- Cultural awareness and diversity
- Ability to handle multiple projects
- Ability to handle difficult tasks
- Ability to cope under stressful conditions
While these skills aren’t the most important for other recruiters, Bock says that projecting something about yourself and personality is crucial. As such, he knows that based on a candidate’s life experiences, they can be more accepting and respectful to people from other different cultural backgrounds and could be a good fit for a company that is so big and welcomes people from all around the world.
Likewise, they are more likely to hire a person who is more of an extrovert than introvert even though they have nothing against introversion. Google, however, is a place where people work together in a constructive and collaborative way and as such would like to recruit candidates who are naturally more out-driven, team-oriented, ambitious, sociable and friendly.
At Google, you are most likely to be interviewed by a panel of four or five people. But these guys aren’t very interested in you getting the right answers to the interview questions, rather in your thought process and analytical ability. The questions are quite tricky, and so they know you probably aren’t going to get them right at your very first attempt. But explaining how you came up to your own conclusion and why you think that is the right question will allow them to see how you worked your way through a problem.
Here is a video that features Bock and Kyle Keogh (Sales Director) explaining the internship interview process of Google recruitment strategy:
If you think you comply with Google’s requirements, then you can try your luck at the interview, but first you might want to familiarise yourself with the kind of questions Google gives to candidates or even practice on a Rubix cube.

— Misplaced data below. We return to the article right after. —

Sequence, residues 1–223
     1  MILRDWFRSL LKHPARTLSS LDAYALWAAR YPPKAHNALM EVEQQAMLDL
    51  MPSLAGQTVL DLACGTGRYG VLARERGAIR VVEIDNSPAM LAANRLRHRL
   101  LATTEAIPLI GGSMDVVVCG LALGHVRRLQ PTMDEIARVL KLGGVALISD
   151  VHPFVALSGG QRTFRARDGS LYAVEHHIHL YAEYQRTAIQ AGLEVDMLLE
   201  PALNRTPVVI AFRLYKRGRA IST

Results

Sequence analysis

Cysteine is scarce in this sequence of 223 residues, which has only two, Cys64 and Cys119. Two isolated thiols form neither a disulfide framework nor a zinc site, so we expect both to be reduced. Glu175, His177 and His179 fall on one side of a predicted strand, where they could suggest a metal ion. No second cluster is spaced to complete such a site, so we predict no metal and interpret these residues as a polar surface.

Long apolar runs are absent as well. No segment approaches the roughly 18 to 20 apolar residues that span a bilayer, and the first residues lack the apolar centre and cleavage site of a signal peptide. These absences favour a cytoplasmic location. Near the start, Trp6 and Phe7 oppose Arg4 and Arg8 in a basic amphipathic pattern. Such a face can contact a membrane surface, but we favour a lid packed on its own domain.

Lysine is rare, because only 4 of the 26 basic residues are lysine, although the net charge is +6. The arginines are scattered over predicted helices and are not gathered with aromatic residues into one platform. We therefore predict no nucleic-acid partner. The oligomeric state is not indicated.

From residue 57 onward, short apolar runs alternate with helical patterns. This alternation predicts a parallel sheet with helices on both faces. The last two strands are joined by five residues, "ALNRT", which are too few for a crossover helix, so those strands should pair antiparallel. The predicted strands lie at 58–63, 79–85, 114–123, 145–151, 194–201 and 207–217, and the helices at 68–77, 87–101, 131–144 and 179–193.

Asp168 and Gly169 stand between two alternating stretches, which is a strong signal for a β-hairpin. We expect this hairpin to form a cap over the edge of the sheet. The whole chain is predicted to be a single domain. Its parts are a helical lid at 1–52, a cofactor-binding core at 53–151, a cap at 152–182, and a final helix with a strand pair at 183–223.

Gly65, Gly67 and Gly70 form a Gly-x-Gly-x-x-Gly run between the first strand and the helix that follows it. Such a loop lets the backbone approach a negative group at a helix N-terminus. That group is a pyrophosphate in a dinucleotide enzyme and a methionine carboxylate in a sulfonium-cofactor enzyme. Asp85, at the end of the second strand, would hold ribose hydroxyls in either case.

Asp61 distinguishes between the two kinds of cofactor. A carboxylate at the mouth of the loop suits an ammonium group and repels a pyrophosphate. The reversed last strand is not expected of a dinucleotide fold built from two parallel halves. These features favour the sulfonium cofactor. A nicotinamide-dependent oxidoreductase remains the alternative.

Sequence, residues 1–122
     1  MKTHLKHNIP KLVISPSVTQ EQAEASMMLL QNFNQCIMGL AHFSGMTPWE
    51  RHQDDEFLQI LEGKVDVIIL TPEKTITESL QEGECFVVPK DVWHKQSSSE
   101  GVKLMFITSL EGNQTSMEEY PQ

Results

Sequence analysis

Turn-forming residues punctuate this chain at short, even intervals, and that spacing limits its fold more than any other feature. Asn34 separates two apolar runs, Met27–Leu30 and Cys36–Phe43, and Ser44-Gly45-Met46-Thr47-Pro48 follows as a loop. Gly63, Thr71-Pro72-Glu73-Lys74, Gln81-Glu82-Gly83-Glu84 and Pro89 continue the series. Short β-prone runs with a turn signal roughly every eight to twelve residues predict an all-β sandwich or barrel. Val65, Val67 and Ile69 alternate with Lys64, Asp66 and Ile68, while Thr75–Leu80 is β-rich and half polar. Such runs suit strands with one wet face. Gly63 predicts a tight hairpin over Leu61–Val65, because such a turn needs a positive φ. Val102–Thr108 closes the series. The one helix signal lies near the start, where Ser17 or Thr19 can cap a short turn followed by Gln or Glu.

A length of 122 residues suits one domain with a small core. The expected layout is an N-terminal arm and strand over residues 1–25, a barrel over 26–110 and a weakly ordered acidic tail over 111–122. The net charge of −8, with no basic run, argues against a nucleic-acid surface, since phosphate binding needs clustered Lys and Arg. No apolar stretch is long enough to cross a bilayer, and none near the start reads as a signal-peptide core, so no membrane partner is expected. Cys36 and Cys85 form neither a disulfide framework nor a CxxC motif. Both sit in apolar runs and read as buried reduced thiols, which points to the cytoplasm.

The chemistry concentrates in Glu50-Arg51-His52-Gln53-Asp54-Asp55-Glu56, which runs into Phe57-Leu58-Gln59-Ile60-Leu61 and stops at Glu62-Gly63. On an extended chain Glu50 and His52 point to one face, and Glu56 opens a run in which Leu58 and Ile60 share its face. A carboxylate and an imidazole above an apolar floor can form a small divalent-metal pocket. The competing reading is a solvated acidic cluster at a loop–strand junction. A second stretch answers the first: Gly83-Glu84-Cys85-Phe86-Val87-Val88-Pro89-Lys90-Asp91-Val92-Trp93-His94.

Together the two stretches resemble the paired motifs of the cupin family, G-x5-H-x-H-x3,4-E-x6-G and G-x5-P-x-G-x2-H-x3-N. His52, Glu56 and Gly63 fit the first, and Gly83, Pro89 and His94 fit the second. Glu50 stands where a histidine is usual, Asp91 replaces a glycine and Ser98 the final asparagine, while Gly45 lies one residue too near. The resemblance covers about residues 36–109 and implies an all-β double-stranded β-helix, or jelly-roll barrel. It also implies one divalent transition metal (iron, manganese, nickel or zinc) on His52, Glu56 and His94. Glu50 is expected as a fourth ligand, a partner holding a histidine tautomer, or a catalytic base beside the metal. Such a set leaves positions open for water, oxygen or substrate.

On Quora, a former Googler has shared a few of the hardest interview questions that were in a Google interview. Since no question can be reused in more than one interview, the following act only as a guide to help you get into the thinking behind it:
- How many times a day does a clock’s hands overlap?
- How many golf balls could you fit into a classic American school bus?
- How many petrol stations are in the US?
- How much should you charge to wash all the windows in Seattle?
- How many vacuums are made per year in the US?
Now you ask yourself how on earth you would know the answers to any of these questions. But the real catch here is that you don’t have to. Just show them what you have got what they are looking for and let them it see through the way you are processing the information you are given.
Nobody said that getting a job at Google is easy, but it is not impossible. It will certainly require a lot of effort to get your voice heard by this tech giant, but it will definitely be worth it. Bock has said it after all: “We don’t compromise our hiring bar, ever…you will have to kiss a lot of frogs before finding The One”. Once you get passed the storm, and Google gets you on board you will be spoiled like a little child.
So what is the secret to getting a job at Google? That’s easy. Just be yourself. Try not to get too overwhelmed by the fact that Google is amongst the biggest and most successful companies in the world. You can still send your application and even get invited in for an interview.
Have you taken any steps towards contacting your dream employer yet? If yes, how did it go? Let me know in the comments section below…